[Venezuelan President Nicolás Maduro] possesses, however, few of his predecessor’s resources, lacking not just oil revenue but Chávez’s surplus of charisma, humour and political skill. Maduro, unable to end the crisis, has increasingly sided with the privileged classes against the masses; his security forces are regularly dispatched into barrios to repress militants under the guise of fighting crime. Having lost its majority in Congress, the government, fearing it can’t win at the polls the way Chávez did, cancelled gubernatorial elections that had been set for December last year (though they now appear to be on again). Maduro has convened an assembly to write a new constitution, supposedly with the objective of institutionalising the power of social movements, though it is unlikely to lessen the country’s polarisation.
Gilbert Marcus, lawyer for the Constitutional Court in its case against Judge President John Hlophe, argued today in the High Court in Johannesburg that even on his own version of events, the actions of Judge President John Hlophe amounted to gross misconduct on his part. According to the Mail & Guardian:
Marcus said that Hlophe, in his papers before the court, gave details of the conversations he had with the two judges in an attempt to defend himself against the charges that he tried to influence their decisions in the Zuma case.
Marcus quoted Hlophe as saying to the judges, “I felt strongly about privilege and fair rights” and “the Zuma matter had to be correctly decided on”. Marcus said these statements — made by Hlophe’s own admission — already amounted to misconduct. “That, with respect, amounts to gross misconduct,” Marcus told the court. “On his own version, that is what occurred.”
Some would argue that this is the typical blustering of a lawyer trying to put the best spin on events. Surely Hlophe – and his lawyers – will not be stupid enough to admit to gross misconduct in his own papers? Regular readers of this Blog would not be surprised that I would not agree with this view. But regular readers might be surprised to read that I found support for Marcus’s argument (and implicitly my own view) in a report issued in July by the International Bar Association about the safeguarding of judicial independence in South Africa.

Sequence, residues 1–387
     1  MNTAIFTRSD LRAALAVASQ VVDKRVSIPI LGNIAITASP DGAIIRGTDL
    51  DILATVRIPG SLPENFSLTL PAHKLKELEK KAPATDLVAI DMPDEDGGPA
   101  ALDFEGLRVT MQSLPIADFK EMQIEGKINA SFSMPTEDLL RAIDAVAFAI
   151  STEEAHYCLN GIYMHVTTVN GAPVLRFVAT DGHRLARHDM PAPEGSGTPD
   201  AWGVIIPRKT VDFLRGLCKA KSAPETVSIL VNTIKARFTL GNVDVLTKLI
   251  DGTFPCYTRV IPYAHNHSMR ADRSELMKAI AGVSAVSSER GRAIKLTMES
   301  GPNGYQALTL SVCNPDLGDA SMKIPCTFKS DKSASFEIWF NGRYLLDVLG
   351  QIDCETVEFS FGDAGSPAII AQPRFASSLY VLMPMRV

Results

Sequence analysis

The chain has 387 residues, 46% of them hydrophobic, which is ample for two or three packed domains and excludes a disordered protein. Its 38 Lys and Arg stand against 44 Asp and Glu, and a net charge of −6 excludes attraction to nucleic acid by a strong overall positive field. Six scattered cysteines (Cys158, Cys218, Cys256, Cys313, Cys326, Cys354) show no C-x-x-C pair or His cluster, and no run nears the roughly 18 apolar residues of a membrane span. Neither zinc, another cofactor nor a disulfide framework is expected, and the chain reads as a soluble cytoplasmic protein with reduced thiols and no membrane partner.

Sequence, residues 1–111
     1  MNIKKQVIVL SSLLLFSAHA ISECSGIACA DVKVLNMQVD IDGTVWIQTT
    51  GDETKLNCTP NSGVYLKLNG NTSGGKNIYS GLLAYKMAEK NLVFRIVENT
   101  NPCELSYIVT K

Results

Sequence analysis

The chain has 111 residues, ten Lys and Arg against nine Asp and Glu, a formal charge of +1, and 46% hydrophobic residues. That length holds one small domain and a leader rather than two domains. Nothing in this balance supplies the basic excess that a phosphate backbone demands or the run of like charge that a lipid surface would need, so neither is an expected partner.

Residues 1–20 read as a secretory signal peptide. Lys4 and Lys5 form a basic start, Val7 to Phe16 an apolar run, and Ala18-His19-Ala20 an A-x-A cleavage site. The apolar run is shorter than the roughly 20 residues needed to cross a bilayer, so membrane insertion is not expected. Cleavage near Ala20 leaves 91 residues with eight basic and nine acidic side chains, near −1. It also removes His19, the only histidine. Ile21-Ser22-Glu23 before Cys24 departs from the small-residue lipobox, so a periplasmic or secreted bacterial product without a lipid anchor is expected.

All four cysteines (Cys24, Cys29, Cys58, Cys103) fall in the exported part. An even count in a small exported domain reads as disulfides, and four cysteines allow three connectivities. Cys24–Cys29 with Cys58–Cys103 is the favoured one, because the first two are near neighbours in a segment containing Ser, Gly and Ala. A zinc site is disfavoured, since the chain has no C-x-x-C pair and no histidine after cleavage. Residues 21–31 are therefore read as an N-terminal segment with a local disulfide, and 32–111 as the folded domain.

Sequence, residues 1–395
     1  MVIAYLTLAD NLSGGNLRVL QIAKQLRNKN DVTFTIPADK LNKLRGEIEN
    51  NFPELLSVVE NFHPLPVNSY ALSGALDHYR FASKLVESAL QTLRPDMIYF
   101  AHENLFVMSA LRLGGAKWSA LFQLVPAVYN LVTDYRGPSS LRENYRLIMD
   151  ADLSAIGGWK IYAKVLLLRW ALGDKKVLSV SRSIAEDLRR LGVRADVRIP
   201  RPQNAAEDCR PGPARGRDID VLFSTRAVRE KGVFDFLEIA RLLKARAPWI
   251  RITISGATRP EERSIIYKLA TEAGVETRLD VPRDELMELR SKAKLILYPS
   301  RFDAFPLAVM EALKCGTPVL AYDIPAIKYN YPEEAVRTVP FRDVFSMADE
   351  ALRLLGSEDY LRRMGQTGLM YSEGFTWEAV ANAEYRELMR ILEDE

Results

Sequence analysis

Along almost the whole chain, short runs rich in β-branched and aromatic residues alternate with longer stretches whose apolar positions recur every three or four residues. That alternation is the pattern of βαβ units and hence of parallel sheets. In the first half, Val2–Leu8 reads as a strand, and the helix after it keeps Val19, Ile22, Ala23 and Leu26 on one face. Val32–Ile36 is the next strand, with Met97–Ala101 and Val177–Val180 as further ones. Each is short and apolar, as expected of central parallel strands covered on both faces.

I was startled to read the following very clear statement on page 20 of this report:
Judicial independence is commonly described as being comprised of two components – the individual independence of judges and the institutional independence of the courts. Individual independence refers to the requirement that judges decide cases independently and impartially ‘on the basis of facts and in accordance with the law, without any restrictions, improper influences, inducements, pressures, threats or interferences, direct or indirect, from any quarter or for any reason’. This independence not only refers to external influence but also to influence from other judges themselves. Institutional independence is the independence of the judicial branch itself from the other branches of government, which enables it to carry out its role safeguarding judicial process and protecting the individual independence of judges.
Arguments put forward by some of the Judge President’s supporters that it was perfectly normal for a judge of a lower court to discuss a pending case with judges of a higher court and to try and convince them to rule in that case in a particular manner on one or more of the legal issues. This is after all what the Judge President himself had admitted to in his papers. The International Bar Association clearly disagrees and says this would threaten the independence of the judiciary.
No wonder I argued a few weeks back that the Judge President’s legal team was not up to the task. As Marcus pointed out today, it seems likely that they allowed him basically to admit that he is guilty of misconduct. Not very wise on their part. What were they thinking?BACK TO TOP